Anyway, our chief goal was to incite discussion and—if not ire—at least enough controversy to fuel some impassioned responses. I greatly admire your work, and I’m sincerely honored that you took the time to write up a thoughtful rebuttal to what we put out there. The fact that there’s disagreement signifies that we are surveying an extremely broad landscape re: “NYC jazz 2011.” On that note, I echo Nate Chinen and Ben Ratliff—http://www.nytimes.com/2011/06/03/arts/music/jazz-festivals-in-new-york-undead-vision-blue-note.html—in saying, more or less, bring on festival season! (I caught one of our TONY “icons,” Lee Konitz, kicking off the June jazz rush in high style this very evening at the Blue Note, on the recommendation of Jim Macnie, a writer who I bet could make an NYC-jazz-artists list to put us all to shame.)

    Thanks again, Ted, and welcome to the blogosphere. Icons aside, these blindfold tests you’ve been posting are blowing my mind.

    -HS

  5. Ted,

    Thanks for posting the comment. For the record, I posted an expanded/clarified version here: http://darkforcesswing.blogspot.com/2011/06/unpacking-25-nyc-jazz-icons.html.

    I understand what you’re saying about the dangers of privileging the outré over the bread-and-butter. And I’m very familiar with the history of, e.g., Motian, and what led him to his more abstract late work. At the same time, I don’t feel like anyone that Steve and I championed can be accused of ditching tradition in favor of novelty or lofty conceptualism. Take your description below:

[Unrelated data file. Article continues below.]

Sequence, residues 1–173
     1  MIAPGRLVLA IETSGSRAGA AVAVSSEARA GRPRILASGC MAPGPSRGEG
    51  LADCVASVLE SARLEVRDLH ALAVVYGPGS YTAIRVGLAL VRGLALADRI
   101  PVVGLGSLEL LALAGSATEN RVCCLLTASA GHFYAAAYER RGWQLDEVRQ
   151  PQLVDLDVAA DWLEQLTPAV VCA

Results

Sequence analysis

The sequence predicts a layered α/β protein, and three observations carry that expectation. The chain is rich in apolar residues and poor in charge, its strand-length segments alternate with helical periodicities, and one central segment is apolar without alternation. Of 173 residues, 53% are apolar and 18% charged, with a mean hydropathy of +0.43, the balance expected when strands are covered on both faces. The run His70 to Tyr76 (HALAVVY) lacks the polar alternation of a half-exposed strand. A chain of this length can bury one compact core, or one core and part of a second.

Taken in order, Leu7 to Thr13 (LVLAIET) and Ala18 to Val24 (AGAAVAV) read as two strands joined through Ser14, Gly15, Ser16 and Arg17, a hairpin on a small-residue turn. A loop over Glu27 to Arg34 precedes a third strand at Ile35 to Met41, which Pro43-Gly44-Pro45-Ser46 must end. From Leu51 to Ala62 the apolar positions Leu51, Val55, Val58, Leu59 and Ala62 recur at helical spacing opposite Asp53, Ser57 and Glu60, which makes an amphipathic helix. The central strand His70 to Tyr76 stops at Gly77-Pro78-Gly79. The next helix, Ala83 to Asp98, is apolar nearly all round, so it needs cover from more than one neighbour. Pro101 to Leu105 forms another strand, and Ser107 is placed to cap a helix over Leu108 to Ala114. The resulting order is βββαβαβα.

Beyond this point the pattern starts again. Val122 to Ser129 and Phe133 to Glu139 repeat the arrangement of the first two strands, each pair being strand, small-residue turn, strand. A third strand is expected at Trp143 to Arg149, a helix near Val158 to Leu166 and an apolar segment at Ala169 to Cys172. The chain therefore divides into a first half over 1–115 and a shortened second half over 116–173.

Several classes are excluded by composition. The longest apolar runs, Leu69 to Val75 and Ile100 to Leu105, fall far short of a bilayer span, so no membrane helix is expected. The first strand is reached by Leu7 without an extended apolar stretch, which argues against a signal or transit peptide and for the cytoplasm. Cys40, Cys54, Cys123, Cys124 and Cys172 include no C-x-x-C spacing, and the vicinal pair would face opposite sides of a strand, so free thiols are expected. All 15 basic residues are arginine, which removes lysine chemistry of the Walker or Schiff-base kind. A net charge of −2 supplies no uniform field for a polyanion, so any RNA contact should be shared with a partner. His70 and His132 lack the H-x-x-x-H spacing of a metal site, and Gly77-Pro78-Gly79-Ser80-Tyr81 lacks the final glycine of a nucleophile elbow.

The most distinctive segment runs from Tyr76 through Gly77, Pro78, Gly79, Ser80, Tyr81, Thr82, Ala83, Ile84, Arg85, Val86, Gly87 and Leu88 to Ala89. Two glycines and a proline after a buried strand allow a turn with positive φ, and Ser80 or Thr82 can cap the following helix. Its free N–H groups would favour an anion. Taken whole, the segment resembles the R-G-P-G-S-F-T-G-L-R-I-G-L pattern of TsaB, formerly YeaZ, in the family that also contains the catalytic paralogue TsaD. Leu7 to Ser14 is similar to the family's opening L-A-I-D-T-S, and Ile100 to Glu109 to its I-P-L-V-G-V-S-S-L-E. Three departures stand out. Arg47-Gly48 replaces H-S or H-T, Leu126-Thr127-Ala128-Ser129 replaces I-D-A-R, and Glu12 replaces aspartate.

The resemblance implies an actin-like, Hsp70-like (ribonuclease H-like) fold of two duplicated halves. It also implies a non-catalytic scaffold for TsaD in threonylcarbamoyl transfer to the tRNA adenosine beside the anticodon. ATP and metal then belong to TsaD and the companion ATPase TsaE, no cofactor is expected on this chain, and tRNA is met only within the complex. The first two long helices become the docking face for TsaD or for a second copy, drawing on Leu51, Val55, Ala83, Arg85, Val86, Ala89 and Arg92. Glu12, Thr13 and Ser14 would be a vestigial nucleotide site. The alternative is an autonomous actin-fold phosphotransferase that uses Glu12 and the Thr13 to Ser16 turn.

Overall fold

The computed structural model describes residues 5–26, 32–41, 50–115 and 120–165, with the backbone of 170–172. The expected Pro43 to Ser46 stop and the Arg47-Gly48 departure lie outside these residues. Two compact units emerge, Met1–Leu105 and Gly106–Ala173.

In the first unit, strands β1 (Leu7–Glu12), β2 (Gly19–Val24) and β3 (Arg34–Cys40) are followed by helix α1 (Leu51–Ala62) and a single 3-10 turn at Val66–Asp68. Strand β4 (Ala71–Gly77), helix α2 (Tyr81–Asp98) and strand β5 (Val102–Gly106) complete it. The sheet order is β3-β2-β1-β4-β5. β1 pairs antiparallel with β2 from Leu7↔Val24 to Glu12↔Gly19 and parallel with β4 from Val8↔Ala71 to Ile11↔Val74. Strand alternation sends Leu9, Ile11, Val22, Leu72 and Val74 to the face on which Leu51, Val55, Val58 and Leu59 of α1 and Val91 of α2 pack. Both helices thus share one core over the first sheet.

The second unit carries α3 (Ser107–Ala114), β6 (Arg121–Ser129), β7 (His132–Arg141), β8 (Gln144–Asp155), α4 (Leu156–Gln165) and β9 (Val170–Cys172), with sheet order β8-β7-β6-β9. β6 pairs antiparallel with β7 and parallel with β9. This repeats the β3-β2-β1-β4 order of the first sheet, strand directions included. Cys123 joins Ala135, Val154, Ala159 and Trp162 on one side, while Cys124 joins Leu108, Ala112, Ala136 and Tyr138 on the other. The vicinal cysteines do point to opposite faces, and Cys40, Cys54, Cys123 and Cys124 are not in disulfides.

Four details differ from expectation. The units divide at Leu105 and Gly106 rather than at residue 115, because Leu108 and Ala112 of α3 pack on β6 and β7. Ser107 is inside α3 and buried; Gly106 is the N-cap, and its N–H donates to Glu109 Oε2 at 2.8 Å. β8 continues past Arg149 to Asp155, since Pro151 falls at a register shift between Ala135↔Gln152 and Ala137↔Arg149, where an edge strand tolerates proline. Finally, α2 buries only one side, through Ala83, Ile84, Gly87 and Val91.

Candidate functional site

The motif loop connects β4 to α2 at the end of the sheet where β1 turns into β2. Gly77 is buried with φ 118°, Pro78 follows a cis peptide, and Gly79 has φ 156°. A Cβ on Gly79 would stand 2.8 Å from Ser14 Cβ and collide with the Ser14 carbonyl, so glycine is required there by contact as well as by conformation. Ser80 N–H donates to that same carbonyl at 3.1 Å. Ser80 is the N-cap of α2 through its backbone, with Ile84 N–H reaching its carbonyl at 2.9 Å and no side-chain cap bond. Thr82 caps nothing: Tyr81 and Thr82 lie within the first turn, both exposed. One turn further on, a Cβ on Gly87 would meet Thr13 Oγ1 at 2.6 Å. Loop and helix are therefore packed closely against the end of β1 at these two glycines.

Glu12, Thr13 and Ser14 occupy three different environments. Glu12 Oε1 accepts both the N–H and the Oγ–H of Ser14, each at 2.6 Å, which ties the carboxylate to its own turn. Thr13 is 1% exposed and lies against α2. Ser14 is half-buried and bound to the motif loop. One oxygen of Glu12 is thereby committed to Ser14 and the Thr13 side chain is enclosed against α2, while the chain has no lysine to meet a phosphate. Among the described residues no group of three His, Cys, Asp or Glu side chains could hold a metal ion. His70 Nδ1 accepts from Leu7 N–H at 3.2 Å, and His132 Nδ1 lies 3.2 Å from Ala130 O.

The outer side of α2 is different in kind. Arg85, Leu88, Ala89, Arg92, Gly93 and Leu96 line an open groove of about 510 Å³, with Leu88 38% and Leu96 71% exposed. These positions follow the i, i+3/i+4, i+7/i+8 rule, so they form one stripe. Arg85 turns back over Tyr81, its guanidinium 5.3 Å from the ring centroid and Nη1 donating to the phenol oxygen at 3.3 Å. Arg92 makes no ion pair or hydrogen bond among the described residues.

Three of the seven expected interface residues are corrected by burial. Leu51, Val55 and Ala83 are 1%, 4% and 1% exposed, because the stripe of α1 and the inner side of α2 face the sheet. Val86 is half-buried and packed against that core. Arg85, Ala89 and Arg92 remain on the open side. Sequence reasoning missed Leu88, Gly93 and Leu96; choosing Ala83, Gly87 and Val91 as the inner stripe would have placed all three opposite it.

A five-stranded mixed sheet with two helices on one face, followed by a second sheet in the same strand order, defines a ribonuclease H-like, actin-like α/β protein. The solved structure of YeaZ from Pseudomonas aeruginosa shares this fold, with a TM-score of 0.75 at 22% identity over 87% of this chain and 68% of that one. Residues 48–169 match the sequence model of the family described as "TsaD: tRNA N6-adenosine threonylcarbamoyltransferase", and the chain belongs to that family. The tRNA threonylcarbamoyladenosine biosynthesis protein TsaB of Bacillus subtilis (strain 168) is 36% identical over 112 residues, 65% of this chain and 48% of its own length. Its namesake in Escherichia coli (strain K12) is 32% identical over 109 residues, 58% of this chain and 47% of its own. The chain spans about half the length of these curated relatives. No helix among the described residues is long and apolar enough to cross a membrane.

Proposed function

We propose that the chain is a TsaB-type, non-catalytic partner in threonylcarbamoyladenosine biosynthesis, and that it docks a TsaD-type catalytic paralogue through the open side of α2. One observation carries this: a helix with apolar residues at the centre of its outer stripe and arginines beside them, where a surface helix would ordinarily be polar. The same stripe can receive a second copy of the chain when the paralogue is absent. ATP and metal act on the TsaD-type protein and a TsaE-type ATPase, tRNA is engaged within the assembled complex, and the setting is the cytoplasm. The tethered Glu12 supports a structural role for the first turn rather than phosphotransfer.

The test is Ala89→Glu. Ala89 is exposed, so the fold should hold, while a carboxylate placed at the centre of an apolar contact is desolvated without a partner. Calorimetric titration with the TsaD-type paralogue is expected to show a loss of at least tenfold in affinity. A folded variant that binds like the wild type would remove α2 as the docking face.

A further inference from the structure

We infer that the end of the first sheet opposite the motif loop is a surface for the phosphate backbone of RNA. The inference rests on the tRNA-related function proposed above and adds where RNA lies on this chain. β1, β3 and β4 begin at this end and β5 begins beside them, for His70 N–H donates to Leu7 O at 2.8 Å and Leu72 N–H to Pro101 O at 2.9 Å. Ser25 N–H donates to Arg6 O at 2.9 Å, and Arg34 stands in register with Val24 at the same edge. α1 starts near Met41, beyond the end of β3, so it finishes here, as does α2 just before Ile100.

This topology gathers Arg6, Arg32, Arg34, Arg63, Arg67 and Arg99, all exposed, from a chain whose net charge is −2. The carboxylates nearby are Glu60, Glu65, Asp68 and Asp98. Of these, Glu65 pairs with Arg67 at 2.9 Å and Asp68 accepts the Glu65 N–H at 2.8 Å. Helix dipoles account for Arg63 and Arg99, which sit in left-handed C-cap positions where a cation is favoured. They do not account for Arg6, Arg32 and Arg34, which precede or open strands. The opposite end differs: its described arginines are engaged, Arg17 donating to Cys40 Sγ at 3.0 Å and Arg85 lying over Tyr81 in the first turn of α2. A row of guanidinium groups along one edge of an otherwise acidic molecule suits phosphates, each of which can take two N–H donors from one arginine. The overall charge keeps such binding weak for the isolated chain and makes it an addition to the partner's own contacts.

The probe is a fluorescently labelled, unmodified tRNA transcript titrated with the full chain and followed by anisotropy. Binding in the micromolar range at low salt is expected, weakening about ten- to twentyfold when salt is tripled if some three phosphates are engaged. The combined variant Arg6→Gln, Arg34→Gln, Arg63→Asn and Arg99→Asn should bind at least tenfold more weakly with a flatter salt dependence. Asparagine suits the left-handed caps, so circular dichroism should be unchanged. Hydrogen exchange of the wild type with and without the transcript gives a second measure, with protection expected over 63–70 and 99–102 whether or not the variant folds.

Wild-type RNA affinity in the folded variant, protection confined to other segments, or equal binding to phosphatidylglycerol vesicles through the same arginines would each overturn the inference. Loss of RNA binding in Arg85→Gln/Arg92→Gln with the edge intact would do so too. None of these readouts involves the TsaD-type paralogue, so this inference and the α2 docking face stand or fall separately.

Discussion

“…artists who work within groove- and swing-based contexts, who put some blues into their expression, and who endeavor to let their imagination and creativity operate within the idiomatic parameters of jazz and Afro-Caribbean traditions — not to recreate or xerox those traditions, but to deal with them in a present-day context on their own terms.”

    When I read that, the very first artists I think of are players such as Jon Irabagon, who engages in a very direct way with Sonny Rollins in his “Foxy” project and has a record out (“The Observer”) with Kenny Barron, one of the elders whom you cited as an omission on our list. Additionally, the Mostly Other People Do the Killing band, of which Irabagon is a member, is one of the most historically minded jazz ensembles in NYC, right down to their parodies of classic cover art and liner notes. Or I think of Matana Roberts, whose “Coin Coin” presentations seem to me like a very conscious engagement with the work of Mingus, Max Roach and John Carter (and maybe even Wynton Marsalis), artists whose work grapples with cultural history and sociopolitical reality. And Jason Moran’s ties to Byard, Hill, Abrams and others—not to mention Monk and the stride tradition—are well-documented. To their credit, I think a lot of the younger players who have been captivating the critics are doing so precisely *because* they’re demonstrating a very deep awareness of what came before and doing so in very novel, personal ways.

    There’s definitely such a thing as throwing the baby out with the bathwater when it comes to jazz “innovation,” but I’d happily defend all the artists on our list (and again, I’ll concede that “icon” may have been too strong a word—in the end, though, the choices and the text are the real content of Steve’s and my piece) against such accusations. You’ll find tons of groove, swing and blues in the work of the Irabagons, Robertses and Morans of the scene.

    Thanks,
    HS

  6. I agree with your comments Ted. Sure I enjoy all those artists, but to leave out the folks you mentioned (and where is Pat Metheny? I guess he’s not hip by anyone’s standards anymore, but when they write the final jazz history, Metheny as a guitar player alone will top the list) is just crazed. In favor of relative newcomers and yes, hipster choices? Puhlease.

    • In fairness, Hank and Steve were considering active presence on the New York scene as a criteria, which would leave Metheny out of the mix here.